Aug. 11 (UPI) -- Adults with severe obesity are more than three times as likely to be hospitalized with severe COVID-19 than those who maintain a healthy weight, according to a study published Tuesday by the journal Proceedings of the National Academy of Sciences.
Risk for hospitalization following infection with the new coronavirus increases by more than 338% for severely obese and 70% for mildly obese adults, and by nearly 39% for those who are overweight, the researchers said.
Elevated risk was apparent even among those study participants who showed modest weight gain, Mark Hamer, a professor of sport and exercise medicine at University College London, told UPI.
Given that up to two-thirds of all adults in "Westernized society" are overweight or obese, this places a large segment of the population at increased risk for severe illness during the pandemic, he said.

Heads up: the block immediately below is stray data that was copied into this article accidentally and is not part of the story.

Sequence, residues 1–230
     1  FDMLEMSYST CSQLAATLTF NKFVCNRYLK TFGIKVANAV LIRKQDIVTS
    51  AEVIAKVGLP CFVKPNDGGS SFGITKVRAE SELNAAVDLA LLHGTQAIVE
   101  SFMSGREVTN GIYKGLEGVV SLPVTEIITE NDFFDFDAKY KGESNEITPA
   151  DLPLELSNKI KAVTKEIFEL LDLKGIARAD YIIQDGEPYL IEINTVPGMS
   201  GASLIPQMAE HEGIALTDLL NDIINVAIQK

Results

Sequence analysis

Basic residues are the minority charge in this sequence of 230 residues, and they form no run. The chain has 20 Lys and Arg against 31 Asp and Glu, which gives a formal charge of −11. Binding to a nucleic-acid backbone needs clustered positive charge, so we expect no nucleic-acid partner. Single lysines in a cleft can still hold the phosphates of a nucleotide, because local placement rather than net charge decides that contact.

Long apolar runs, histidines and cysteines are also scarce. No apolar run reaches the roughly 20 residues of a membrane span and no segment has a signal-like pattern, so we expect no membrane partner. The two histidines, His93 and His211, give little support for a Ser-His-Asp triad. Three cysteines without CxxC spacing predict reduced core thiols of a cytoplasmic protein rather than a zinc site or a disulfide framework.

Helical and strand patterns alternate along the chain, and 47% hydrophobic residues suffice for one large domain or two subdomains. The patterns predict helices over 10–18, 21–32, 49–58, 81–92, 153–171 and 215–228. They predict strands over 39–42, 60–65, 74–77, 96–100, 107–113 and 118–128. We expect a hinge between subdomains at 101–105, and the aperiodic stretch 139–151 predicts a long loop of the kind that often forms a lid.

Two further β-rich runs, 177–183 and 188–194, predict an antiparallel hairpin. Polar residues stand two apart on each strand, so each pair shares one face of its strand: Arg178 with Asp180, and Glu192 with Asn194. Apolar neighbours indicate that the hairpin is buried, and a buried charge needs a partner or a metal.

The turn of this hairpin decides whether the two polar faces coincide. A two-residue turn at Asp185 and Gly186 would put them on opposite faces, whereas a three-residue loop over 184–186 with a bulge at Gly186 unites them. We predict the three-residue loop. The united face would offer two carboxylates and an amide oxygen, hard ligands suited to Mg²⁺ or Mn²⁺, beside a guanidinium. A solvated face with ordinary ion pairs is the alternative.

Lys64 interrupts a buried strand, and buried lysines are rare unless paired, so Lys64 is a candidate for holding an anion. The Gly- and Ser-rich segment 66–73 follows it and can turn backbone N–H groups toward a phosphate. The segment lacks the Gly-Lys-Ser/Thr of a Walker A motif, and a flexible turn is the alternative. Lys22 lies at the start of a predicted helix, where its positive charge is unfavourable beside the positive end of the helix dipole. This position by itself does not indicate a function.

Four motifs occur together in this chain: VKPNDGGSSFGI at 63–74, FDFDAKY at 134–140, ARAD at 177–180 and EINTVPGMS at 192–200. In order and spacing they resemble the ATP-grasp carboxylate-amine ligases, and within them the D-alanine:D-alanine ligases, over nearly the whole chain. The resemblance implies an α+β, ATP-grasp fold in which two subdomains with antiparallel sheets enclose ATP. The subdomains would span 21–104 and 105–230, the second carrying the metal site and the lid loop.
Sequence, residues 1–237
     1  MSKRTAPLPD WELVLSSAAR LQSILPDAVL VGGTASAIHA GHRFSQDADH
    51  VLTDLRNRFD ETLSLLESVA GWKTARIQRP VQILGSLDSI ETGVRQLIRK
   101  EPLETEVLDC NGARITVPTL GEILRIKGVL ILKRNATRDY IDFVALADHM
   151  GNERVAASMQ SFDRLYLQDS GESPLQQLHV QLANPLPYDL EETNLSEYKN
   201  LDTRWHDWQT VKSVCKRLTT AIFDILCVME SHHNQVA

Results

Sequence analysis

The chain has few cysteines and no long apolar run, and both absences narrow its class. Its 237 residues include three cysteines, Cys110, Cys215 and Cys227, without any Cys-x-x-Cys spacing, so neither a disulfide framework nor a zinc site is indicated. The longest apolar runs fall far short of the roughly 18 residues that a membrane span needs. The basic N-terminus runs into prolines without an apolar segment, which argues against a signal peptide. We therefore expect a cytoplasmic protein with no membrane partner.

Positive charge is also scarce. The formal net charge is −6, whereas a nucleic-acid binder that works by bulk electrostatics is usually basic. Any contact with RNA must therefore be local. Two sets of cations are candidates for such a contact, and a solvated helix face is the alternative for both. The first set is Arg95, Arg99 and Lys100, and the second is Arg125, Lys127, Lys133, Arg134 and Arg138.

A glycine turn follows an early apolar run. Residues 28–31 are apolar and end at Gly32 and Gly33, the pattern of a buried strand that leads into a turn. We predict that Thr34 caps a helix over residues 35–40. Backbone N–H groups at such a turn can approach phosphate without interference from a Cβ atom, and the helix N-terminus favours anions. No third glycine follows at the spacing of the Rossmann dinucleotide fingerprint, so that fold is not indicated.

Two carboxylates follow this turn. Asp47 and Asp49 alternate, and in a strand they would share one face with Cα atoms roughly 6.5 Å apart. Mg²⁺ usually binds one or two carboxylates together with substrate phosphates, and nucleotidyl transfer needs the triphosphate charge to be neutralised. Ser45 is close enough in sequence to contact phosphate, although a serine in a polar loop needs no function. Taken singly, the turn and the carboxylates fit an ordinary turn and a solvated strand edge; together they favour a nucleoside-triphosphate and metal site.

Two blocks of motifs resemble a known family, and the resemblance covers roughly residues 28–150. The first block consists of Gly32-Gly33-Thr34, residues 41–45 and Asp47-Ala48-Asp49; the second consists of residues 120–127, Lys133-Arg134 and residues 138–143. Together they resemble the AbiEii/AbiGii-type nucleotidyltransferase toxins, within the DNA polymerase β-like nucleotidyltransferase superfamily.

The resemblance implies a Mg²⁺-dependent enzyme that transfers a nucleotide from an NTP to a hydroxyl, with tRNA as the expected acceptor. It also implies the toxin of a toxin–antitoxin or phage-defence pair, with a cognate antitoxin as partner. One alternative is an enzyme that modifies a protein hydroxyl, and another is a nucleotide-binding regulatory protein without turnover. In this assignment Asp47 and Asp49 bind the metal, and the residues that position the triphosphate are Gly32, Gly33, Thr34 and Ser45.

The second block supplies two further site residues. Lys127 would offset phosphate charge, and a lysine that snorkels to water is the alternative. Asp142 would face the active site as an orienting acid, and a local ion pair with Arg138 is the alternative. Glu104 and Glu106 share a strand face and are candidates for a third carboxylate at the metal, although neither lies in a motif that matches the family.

It's possible that the increased risk for severe COVID-19 among those who are overweight or obese is related to their body's inability to efficiently process fats and sugars in the bloodstream, which results in increased inflammation, the researchers said.
The findings are based on an analysis of health data for 334,329 adults in England, of whom 640, or 0.2%, were hospitalized with COVID-19.
Nearly 67% of all study participants were overweight or obese and almost 5% had diabetes, the researchers said.
Participants were classified based on their body-mass index, or BMI, a measurement of weight compared to height that is used to determine obesity. To calculate BMI, a person's weight is divided by the square of their height.
For the purposes of the study, the researchers said overweight was defined as a BMI between 25 and 30, while a BMI of 30 to 35 was considered stage I or less severe obesity. A BMI of 35 or above was defined as stage II or severe obesity.
Risk for COVID-19 hospitalization increased by between 20% and 30% for every five-point increase in BMI, which would be a sign of weight again.
"Regular exercise may boost immune function and reduce other risk factors, such as diabetes and [heart] disease," Hamer said.